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Latest News About Periodontal Disease

April 8th, 2009 · 1 Comment

checkupThis week, a few perio-related stories have┬áhit the dental industry newsboards. First of all, Resolvins may restore soft tissues and reduce/eliminate periodontal swelling and disease. Wow. In addition, we have more news on the link between oral and overall health. No big shock. Then there’s a new study about gum disease contributing to gestational diabetes. Did we already know this? What a week – and it’s only Wednesday. See the full stories and links to resources here:

Resolvins Resolve Periodontal Disease?
Boston scientists announced the discovery of Resolvins, which are a “new family of biologically active products of omega-3 fatty acids,” and how these little critters could hold the key to eliminating periodontal disease.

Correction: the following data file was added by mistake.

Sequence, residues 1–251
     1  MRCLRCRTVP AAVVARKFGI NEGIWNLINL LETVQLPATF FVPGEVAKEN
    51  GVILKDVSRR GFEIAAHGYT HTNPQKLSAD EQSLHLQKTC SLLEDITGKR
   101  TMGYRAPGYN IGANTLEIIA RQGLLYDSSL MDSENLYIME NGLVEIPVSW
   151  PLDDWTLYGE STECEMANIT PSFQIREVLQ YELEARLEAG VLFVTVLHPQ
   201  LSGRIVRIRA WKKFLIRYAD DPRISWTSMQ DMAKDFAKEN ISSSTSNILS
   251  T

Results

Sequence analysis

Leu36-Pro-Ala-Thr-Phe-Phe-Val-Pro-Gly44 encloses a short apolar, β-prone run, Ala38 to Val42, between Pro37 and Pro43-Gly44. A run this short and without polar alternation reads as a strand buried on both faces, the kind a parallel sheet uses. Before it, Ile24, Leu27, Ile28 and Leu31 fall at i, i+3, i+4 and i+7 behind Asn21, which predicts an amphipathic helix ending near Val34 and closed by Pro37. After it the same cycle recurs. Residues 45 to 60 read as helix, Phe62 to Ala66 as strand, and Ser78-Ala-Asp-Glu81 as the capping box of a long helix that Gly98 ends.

Oral Health’s Growing Link to Overall Health
Here’s a statistic from the article at MedicalNewsToday: “In this age of tight resources for care, it was calculated that the treatment of over 1600 pregnant women with all levels of severity of periodontal disease could save nearly USD$14,000,000 (14 million).”

Gum Disease and Gestational Diabetes
During pregnancy, women who do not smoke or consume alcohol but have periodontal disease are more likely to develop gestational diabetes, accordint to a new study by NYU researchers.

Three things your dental team can do NOW to help patients understand and prevent gum disease:

  • Direct your patients, front office team, and assistants to www.Perio.org for more informaiton about gum disease and what the public needs to know.
  • Have your hygienist(s) blog about gum disease prevention on your website. (For more info on this, call TNT Dental.)
  • Provide easy access to education: brochures in your lobby and treatment rooms; posters with statistics in the bathroom; a gum disease section on your website; patient educaiton videos in the lobbt; a take-home list of tips for each patient’s hygiene visit – with special lists for kiddos and pregnant women.

Tags: Clinical

1 response so far ↓

  • 1 Gary Grimm // Apr 10, 2009 at 5:48 pm

    The more we research periodontal disease, the more we realize our body is a single system and not a collection of systems that don’t interact.

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